By Rajan Panda
Published by Readwell Publications
New Delhi
We mention this book here in response to queries being made by some of the visitors of this site about availability of a suitable book for learning Oriya language which could be of use to the non-Oriya people. This book may prove to be a supportive tool to those who wish to get acquainted with the basics of the language. However the author has approached the task throgh theoretical grammar, which may pose a little difficulty to serious learners of the language.   


By Shyamsunder Agrawalla
Published by Spectrum
The book marks a successful approach by the author to present snippets of our day-to-day life with a touch of wit. He analyses in a pleasant manner the underlying truth behind various aspects of our behaviour and attitude in life. Although the writer is new to the world of Oriya writing (which doesn't  however mean that he is a young writer) the grasp and confidence with which he has presented his subject in simple prose makes it a compulsive reading. The high quality of printing and production ensured by the publishers is also note worthy. The success of the book can be gauged from that within only five months of its first edition the publishers are now in the process of bringing out its second edition. A  rare feat, we should say, considering how difficult it is these days to find readership for Oriya books.  To sum up, if you haven't read it so far, you are missing something.








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We have been receiving requests from some of the visitors of this site to send them copies of the books which are covered here. But we regret that we are not in a position to supply any of these. Our motive here is to introduce some good and interesting books with brief reviews of the same. The visitors who wish to get copies of any of these books are requested to enquire with the leading book sellers in Cuttack and Bhubaneswar or contact the publishers directly. Some of the books are, also, available online at amazon.com.

The publishers who wish to submit their books for review, may send email to us at:  oriyanari@yahoo.co.in  .


By Susmita Bagchi


Published by Sucharita Publications, Bhubaneswar







This novel marks an inimitable exploration into the world of psychiatry. The arduous task of incorporating the subtle nuances of psychiatry within the limitations of the format of fiction has been effectively handled by the author. The novel is born out of a long nourished empathy with the victims of psychiatric ailments, the novelist tells us in her foreword.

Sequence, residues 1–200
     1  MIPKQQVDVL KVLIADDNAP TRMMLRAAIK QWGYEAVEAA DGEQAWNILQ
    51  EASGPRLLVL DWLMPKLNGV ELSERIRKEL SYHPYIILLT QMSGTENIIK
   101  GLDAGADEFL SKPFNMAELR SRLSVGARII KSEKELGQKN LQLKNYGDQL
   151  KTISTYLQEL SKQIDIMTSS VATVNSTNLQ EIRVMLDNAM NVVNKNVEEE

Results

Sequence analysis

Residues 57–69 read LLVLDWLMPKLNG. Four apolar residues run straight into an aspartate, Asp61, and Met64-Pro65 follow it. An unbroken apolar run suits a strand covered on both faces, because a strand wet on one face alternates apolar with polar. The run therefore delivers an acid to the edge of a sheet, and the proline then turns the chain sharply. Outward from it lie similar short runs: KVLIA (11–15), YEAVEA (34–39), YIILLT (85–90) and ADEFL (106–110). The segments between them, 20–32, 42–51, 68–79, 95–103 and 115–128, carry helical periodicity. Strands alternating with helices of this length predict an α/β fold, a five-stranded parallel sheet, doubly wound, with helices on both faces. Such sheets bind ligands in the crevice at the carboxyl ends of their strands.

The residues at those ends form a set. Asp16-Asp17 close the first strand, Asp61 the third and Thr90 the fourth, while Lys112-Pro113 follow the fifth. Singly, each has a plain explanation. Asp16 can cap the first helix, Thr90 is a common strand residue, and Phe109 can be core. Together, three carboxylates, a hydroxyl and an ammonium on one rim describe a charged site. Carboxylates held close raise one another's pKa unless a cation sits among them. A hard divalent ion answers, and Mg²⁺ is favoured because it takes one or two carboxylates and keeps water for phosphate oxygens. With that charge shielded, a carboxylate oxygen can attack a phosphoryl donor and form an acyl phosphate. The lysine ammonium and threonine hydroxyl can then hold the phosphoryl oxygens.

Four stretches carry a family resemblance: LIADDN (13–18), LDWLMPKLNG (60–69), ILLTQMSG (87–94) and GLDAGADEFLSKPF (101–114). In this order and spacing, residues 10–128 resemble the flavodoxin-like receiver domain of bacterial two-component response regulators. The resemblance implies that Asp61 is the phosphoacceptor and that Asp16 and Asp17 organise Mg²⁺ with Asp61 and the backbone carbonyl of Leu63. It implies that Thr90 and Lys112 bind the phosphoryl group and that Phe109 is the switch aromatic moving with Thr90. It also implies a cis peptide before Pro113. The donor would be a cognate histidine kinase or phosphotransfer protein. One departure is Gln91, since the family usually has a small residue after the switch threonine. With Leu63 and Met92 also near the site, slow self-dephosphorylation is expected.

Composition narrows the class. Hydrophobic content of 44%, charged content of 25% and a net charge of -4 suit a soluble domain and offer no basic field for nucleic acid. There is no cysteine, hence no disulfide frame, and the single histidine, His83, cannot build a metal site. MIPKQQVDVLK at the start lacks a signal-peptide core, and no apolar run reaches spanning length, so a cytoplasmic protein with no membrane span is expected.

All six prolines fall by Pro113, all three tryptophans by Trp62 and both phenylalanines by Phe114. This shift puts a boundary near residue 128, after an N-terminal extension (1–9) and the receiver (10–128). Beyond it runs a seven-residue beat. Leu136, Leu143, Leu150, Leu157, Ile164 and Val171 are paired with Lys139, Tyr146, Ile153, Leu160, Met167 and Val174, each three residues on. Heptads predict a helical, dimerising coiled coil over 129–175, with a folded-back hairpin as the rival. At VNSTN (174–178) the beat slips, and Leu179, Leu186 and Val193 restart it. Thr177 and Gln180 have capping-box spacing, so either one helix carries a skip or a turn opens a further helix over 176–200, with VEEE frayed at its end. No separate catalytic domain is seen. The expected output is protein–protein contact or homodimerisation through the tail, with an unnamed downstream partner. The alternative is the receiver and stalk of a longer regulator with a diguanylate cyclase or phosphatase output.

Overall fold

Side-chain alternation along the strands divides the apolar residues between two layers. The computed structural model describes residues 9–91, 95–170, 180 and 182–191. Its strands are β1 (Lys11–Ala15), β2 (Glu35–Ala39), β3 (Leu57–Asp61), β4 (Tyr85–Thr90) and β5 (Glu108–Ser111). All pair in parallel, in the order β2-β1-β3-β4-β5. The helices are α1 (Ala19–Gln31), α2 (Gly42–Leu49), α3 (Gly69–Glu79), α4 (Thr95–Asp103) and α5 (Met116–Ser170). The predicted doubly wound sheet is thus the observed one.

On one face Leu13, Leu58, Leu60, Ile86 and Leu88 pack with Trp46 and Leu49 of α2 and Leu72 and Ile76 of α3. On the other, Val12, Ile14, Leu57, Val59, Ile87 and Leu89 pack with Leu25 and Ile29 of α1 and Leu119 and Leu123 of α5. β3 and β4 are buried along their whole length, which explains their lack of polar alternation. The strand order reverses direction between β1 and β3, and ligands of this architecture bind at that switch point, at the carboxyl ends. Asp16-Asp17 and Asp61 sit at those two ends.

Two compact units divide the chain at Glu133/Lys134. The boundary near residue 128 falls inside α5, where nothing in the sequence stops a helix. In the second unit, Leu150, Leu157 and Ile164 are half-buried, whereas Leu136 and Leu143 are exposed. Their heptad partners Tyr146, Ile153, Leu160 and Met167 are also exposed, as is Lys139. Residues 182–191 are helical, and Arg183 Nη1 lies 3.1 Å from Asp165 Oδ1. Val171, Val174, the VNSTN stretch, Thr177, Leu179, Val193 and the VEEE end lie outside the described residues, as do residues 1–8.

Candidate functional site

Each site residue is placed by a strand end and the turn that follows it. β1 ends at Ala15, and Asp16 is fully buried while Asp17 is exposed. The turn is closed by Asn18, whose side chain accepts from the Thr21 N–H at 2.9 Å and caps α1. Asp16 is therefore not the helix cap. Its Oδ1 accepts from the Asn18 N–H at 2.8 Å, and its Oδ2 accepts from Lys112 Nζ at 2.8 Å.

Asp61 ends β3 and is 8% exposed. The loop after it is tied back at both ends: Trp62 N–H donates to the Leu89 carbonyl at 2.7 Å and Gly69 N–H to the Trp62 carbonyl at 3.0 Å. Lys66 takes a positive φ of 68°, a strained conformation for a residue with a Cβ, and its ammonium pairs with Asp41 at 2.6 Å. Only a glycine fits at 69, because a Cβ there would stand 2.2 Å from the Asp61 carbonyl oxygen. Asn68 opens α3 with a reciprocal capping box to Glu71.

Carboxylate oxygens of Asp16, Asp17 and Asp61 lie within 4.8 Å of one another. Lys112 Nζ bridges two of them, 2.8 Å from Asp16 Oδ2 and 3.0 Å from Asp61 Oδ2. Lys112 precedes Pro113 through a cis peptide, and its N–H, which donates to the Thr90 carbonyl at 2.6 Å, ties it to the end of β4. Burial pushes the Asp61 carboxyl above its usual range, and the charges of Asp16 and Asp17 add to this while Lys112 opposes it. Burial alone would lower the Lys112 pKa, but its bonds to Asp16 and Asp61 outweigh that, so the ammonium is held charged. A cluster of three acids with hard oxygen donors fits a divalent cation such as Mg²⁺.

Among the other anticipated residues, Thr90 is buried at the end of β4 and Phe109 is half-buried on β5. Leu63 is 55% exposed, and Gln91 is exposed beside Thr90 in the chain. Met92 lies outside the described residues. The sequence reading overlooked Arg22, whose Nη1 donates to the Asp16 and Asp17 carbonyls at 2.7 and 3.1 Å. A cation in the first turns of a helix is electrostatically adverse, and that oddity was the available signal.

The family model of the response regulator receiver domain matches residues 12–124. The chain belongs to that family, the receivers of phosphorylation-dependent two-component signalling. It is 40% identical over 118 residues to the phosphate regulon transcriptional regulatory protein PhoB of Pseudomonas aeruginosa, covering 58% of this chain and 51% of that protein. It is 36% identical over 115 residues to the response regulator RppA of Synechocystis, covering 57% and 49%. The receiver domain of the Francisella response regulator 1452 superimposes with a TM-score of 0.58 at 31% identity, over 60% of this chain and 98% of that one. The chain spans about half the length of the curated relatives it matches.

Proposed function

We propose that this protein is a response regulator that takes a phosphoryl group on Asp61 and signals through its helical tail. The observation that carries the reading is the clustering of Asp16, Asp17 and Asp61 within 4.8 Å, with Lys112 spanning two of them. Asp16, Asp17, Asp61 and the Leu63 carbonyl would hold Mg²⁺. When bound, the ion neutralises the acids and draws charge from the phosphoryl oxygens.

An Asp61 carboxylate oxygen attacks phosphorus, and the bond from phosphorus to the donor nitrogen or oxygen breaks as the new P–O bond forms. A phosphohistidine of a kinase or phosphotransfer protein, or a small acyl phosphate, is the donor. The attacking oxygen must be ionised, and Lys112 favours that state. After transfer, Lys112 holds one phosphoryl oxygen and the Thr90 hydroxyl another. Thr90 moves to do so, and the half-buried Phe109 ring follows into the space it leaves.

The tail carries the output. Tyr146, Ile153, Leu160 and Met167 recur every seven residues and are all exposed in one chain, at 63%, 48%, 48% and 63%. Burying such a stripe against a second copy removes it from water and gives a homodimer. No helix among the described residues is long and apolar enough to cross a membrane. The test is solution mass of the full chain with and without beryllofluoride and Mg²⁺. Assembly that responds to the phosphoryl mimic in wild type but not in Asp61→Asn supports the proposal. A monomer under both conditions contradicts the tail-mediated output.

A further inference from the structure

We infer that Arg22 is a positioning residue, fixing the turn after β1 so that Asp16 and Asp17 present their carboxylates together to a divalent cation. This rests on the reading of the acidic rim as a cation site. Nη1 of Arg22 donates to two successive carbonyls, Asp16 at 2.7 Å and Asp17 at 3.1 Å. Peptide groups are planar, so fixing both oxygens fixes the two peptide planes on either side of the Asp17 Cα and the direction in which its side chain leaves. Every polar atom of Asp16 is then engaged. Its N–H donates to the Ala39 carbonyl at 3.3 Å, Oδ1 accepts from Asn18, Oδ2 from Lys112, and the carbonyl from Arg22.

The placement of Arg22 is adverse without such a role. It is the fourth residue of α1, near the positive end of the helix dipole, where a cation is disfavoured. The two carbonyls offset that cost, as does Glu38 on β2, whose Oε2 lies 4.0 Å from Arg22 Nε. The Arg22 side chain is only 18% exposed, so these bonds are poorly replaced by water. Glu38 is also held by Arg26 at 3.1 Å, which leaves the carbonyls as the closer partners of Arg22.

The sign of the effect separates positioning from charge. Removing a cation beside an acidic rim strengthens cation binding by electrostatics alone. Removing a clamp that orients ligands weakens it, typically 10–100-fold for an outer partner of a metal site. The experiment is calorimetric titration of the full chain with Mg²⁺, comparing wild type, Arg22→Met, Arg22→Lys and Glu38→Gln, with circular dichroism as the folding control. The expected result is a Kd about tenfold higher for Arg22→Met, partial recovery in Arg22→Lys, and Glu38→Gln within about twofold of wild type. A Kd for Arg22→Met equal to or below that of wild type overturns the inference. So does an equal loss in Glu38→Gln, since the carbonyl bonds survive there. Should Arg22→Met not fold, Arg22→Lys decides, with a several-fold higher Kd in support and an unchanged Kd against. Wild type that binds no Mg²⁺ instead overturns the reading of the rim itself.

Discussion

Dr. Aditya, the central character in the novel, epitomizes the ambition to bring about a rational approach to his profession as a psychiatrist with a touch of compassion. The theme develops with an appropriate interweaving of supportive sub-plots. The narrative relies heavily on dialogues between characters to develop the story line, and this is what makes the book a pleasant reading. The success of the approach lies in communicating an otherwise insipid theme through a lively presentation of various layers relationship in the personal life of Dr. Aditya.        


Susmita Bagchi is a well known name in Odia literature and this being her sixth contribution to the panorama of Odia novels serves to strengthen the genre of Odia fiction. It is relieving that in this era of diminishing popularity of novels, the author continues to remain committed to the form.      



By Geeta Hota


Published by Orissa Writers Co-op. Society Ltd., Bhubaneswar







This engaging autobiography by one of Orissa’s leading woman authors and editor of the eminent literary journal Amrutayan,  covers the journey of a school girl to the inspiring heights of ideal womanhood. The book initiates a passionate discourse on tradition and modernity. It takes recourse to three key objectives: (1) re-invention of our rich tradition; (2) locating the conspicuous chasm between the past heritage and the contemporary milieu; (3) reviving the constructive potential of tradition for reconstructing a prosperous modern life.

The author vividly documents her memory concerning the journey of Oriya as a language, identity and tradition. True to the spirit of a critical observer, she opines that a shift has occurred in our priority, taste, values and individuality. The sacrificing/ altruistic zeal of the architects of modern Orissa is missing in the youth of recent times.


Written with patriotic verve and sheer truthfulness, the book is indicative of the writer's sensitive zeal to illustrate the grandeur of Orissan values. The contents of the book are absolutely grounded (event-based, experience-based) and the piece emerges out of her real life engagements with diverse realms of society: language, region, art, education and politics that make the reading a relishing experience.


By Pratibha Ray

Published by Adya Prakashani, Tulasipur, Cuttack-753008






Jagyaseni is a masterpiece that has endeared it self to Oriya readers, especially the women among them. This rendering of a well-known piece of epic in a fictional structure has uniqueness of its own.